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More Than 50 Percent Of People Think Private Fireworks Displays Should Be Banned

More Than 50 Percent Of People Think Private Fireworks Displays Should Be Banned

More than 50 percent of people think private fireworks displays should be banned, a LADbible poll has found.

Of the 17,506 votes cast, 54.6 percent of respondents were in favour of a ban, while 45.4 percent were against it - as if we weren't all sick enough of extremely tight polls at the moment.

It seems we're divided on private fireworks displays - as well as just about everything else. Credit: PA
It seems we're divided on private fireworks displays - as well as just about everything else. Credit: PA

One of the main reasons why people are opposed to such displays is due to the impact they have on pets.

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The explosions can cause severe distress and anxiety, particularly for dogs, with the Royal Society for the Prevention of Cruelty to Animals (RSPCA) receiving 1,543 calls about this in the last four years alone.

In extreme cases, the results can be tragic - such as when 18-week-old terrier puppy Molly died 'from fright caused by fireworks' last year.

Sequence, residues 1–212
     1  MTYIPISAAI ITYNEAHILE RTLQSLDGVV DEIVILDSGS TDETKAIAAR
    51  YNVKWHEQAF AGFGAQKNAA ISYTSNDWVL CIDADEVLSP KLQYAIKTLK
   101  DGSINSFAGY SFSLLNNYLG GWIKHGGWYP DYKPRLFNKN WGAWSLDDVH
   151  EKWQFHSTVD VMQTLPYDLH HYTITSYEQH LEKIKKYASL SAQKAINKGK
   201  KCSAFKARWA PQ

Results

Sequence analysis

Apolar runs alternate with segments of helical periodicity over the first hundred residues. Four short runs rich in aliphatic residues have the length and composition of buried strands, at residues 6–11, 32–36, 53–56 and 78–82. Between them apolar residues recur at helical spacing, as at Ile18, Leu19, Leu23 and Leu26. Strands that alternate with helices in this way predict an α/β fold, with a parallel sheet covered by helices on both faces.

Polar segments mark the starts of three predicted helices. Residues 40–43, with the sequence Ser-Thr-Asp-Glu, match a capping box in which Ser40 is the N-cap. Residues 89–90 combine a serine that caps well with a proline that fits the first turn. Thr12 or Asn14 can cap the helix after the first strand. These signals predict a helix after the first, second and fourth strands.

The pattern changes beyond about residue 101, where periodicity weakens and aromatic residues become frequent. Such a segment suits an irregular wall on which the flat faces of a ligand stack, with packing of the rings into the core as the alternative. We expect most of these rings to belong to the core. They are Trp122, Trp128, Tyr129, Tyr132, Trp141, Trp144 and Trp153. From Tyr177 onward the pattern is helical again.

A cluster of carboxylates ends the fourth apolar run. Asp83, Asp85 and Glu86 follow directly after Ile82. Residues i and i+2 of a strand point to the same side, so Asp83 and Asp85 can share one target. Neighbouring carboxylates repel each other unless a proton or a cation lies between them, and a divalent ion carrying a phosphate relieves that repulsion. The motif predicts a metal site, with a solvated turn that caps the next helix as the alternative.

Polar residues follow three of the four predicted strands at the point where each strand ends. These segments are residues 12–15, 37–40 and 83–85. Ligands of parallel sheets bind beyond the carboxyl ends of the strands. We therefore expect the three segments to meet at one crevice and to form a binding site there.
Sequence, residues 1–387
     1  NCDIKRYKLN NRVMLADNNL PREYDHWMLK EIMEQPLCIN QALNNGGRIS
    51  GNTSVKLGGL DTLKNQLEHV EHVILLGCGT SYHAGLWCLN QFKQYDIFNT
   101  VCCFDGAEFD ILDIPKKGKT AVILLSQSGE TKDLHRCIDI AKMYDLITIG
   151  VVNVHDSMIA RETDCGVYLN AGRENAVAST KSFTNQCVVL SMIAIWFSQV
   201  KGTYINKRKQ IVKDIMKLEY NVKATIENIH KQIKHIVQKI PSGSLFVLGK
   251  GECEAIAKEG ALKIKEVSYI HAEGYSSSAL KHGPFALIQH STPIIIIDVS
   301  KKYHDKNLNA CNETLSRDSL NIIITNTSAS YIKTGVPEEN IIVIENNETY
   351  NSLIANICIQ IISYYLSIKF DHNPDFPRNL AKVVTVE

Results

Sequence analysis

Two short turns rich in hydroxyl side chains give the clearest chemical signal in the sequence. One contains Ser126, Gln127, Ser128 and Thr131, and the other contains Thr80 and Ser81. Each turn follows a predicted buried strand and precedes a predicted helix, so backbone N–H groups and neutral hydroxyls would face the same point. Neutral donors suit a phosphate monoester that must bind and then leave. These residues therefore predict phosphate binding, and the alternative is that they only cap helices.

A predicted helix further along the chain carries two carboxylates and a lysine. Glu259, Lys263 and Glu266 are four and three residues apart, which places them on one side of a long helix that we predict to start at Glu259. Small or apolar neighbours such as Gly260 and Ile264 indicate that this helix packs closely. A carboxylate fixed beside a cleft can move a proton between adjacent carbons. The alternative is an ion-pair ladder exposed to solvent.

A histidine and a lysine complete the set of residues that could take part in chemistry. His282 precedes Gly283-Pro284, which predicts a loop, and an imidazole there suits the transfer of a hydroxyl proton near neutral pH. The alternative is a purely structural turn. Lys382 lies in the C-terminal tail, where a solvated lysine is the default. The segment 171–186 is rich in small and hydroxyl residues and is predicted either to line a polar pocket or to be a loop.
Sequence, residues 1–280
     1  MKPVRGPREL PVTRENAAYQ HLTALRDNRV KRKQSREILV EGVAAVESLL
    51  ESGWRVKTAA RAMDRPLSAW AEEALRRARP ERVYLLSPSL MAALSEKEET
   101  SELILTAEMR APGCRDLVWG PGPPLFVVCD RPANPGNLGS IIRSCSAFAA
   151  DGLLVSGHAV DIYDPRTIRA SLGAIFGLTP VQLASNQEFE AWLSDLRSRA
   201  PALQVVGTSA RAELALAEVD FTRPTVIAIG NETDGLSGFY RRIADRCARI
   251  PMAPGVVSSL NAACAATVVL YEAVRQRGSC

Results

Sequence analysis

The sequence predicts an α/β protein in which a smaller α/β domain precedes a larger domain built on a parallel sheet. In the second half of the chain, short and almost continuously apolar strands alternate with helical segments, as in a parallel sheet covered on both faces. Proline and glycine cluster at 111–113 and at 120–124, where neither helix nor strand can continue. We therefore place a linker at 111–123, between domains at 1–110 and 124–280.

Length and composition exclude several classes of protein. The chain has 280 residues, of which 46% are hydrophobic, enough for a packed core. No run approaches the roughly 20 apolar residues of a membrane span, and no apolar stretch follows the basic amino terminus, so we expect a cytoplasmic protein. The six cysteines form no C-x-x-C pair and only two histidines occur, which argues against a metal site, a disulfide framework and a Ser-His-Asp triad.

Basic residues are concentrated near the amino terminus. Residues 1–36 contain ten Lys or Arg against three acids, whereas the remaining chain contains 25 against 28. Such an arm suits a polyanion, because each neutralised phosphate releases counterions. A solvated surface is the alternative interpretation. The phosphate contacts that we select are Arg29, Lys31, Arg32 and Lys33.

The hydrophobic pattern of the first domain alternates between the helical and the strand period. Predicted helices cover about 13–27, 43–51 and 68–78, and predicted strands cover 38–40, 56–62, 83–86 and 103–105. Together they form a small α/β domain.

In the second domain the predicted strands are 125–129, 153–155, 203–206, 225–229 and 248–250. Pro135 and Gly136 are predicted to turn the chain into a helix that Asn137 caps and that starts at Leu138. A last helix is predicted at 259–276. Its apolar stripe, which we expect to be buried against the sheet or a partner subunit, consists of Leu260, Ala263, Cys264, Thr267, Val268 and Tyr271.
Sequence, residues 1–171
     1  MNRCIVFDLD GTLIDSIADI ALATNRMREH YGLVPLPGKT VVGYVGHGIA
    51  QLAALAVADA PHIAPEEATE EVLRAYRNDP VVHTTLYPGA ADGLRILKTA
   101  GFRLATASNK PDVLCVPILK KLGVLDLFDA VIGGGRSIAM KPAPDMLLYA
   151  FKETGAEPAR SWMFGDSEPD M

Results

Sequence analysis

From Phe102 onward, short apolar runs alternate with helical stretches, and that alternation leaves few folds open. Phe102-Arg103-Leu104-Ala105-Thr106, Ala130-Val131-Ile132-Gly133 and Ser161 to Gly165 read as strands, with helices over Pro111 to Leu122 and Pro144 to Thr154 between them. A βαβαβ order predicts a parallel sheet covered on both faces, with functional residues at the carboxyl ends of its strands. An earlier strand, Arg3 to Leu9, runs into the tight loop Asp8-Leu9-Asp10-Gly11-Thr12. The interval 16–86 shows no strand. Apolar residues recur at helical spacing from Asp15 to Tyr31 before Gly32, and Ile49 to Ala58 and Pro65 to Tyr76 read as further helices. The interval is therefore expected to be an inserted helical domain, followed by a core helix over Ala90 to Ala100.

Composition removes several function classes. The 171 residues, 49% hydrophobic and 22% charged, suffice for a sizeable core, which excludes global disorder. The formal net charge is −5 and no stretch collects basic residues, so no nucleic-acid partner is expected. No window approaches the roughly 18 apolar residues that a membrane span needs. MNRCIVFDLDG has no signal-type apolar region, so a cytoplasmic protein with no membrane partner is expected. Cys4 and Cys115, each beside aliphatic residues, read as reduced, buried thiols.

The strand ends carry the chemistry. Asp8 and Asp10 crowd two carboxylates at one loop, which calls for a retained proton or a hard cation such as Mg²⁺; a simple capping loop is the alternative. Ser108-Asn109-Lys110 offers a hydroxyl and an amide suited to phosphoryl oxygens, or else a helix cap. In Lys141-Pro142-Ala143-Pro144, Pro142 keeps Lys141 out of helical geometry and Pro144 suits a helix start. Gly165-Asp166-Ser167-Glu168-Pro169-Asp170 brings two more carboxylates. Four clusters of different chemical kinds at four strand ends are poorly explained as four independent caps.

Following the death of Molly (left) her owner called for the general sale of fireworks to be banned. Credit: Facebook/Susan Paterson
Following the death of Molly (left) her owner called for the general sale of fireworks to be banned. Credit: Facebook/Susan Paterson

Kylie Harrison went through the same heartbreak, with her six-month-old puppy Jake also passing away a few days before Bonfire Night last year.

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Speaking to LADbible, Kylie said: "This was Jake's first time with fireworks. He was hit and miss with them while the quiet ones was going off.

"Suddenly our neighbours on our street also starting setting their fireworks off and they were much louder. Jake became very frightened and was hiding behind us.